The winter season brings with it winter storms. Despite California’s seemingly “perfect” weather, the state still gets slapped with some awful storms from time to time. This winter with the return of “El Niño” – a complex weather pattern that creates fluctuating temperatures, and high winds, resulting in fierce storms – has brought with it an array of problems to the California coastline. Power Outages, flooding, fallen trees, and even deaths were reported during the most recent ENSO (El Niño-Southern Oscillation) cycle. According to theinertia.com, beach goers and surfers are seeing some different effects however, as California coastlines are pumped with loads of dirty water.
According to Heal the Bay’s Senior Coastal Policy Manager Dana Murray, one inch of rain from a storm can translate into one billion gallons of runoff in LA County storm drains. Since so much surface area is covered by asphalt, large quantities of rainfall are not absorbed into the soil, but instead streamed right into municipal storm drains. Most of Southern California’s storm drains run into the ocean, draining billions of gallons of LA street water into the ocean. Yuck.
“Dirty water” running into the ocean is definitely a health hazard for surfers and beach goers in California. Since much of the runoff originates from streets and sidewalks, much of the dirty waters flowing from the region’s storm drains contain harmful pathogens, pollutants, and fecal bacteria. This pathogens can cause infectious diseases like Hepatitis, Salmonella, Shigellosis, E Coli., Enterococci, MRSA, Conjunctivitis, and others. Each of these is just as harmful as the other if not treated properly. Some, even with treatment, can be truly unpleasant. Therefore, in order to avoid future discomforts, you should take a few extra precautions before running into the water after a storm.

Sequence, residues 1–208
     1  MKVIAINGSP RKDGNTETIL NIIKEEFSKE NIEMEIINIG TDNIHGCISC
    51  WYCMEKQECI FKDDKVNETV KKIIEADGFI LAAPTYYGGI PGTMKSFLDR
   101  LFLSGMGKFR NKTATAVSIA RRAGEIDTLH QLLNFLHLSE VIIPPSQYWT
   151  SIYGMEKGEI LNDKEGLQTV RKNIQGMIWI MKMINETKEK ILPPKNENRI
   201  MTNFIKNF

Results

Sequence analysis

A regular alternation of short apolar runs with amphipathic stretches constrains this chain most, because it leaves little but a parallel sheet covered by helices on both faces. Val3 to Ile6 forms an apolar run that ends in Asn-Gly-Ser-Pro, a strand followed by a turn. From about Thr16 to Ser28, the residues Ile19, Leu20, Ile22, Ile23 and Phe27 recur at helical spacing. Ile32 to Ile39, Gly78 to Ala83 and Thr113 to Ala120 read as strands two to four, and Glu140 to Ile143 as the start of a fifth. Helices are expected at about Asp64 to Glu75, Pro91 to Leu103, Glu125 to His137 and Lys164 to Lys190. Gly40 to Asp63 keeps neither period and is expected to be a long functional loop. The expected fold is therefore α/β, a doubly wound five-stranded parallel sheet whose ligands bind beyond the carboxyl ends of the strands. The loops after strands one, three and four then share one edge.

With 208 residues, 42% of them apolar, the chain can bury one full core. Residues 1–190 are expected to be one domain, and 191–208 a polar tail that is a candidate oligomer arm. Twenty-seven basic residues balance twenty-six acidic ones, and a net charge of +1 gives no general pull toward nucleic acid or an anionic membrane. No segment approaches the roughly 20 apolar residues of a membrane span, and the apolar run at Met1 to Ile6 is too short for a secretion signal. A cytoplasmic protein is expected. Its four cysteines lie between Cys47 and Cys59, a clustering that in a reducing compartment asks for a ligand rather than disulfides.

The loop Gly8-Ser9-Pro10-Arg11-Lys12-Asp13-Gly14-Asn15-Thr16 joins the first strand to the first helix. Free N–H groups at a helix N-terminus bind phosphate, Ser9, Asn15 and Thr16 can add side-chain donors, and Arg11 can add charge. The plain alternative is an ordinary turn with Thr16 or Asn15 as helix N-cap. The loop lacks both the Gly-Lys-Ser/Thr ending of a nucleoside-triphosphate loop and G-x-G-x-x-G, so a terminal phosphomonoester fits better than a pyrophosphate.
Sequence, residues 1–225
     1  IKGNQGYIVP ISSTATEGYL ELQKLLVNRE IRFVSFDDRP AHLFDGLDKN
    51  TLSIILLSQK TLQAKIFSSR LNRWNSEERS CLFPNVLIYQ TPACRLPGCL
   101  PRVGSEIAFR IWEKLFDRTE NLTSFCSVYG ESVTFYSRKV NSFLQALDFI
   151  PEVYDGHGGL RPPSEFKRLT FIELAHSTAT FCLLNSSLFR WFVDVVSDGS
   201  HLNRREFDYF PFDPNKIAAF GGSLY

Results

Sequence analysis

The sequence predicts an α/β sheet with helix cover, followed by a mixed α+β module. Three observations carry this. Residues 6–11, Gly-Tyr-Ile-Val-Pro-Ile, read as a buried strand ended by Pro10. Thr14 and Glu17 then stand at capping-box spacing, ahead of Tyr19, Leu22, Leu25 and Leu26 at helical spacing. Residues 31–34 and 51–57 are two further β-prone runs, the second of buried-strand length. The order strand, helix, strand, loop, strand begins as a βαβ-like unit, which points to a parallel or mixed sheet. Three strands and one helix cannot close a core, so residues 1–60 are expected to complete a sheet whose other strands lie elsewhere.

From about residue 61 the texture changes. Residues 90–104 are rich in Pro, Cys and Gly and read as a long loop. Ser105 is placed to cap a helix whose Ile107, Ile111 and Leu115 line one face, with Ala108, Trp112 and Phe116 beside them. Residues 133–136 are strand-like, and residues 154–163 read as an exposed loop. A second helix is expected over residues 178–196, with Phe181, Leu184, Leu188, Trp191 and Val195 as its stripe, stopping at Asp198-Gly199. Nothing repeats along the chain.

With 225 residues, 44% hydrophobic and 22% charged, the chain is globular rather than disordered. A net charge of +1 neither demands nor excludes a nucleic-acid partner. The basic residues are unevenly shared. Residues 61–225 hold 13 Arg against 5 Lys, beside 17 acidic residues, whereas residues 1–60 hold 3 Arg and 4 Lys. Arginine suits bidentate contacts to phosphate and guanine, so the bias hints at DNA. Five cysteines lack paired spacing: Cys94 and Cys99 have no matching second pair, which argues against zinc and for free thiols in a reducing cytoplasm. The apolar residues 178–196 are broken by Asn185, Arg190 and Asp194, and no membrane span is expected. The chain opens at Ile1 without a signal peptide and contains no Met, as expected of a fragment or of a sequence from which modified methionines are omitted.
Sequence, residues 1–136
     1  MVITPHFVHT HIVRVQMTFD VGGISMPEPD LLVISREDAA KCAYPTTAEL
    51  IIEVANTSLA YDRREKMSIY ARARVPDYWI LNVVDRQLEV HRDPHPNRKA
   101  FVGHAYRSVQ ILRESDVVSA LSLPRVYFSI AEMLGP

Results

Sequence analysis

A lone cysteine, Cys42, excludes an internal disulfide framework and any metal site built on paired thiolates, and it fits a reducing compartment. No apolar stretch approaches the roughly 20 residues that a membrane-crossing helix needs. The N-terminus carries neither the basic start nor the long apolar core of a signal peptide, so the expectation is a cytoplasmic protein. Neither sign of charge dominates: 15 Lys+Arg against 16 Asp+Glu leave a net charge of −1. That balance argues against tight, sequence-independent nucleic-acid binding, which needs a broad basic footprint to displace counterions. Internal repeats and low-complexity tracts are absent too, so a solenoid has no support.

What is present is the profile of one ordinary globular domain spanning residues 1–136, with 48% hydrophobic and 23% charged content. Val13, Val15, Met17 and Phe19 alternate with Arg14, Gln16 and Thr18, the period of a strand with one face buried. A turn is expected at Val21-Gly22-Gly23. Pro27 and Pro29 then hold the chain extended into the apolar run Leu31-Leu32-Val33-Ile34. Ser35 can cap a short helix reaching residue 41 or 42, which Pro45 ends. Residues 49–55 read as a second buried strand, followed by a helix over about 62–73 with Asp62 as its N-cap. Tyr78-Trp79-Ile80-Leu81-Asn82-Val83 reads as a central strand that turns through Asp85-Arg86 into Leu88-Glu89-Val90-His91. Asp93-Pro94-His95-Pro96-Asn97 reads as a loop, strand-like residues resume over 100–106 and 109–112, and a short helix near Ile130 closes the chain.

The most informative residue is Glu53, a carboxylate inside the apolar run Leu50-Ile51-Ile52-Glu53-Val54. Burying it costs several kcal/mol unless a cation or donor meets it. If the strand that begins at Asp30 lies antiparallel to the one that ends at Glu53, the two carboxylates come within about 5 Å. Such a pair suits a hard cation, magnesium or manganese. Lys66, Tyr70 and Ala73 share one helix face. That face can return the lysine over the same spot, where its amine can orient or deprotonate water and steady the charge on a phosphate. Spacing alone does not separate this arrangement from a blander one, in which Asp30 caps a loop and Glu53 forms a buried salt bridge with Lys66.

For starters, don’t surf in dirty water. Once the 72-hour warning goes into effect, heed that warning. Find the discipline to stay away from the water even if you’re a beach bum or surf aficionado. If you have any open wounds, it is ABSOLUTELY imperative that you stay out of the water.
Secondly, screen your surf turf. Be very selective of where you choose to surf and swim after a storm. Definitely avoid swimming in areas near storm drains and river mouths. Make sure the area you surf doesn’t seem too murky, and please, avoid taking gulps of bacteria soup while you’re in the water.
Finally, check yourself thoroughly after the fact. If even a few days have passed it’s better to be safe than sorry. First try to blow as much water from your sinuses as possible. Scrub and disinfect any cuts or abrasions with alcohol and anti-bacterial products. And lastly, shower and brush your teeth immediately (either at home or at the beach showers). Don’t forget to clean behind the ears !
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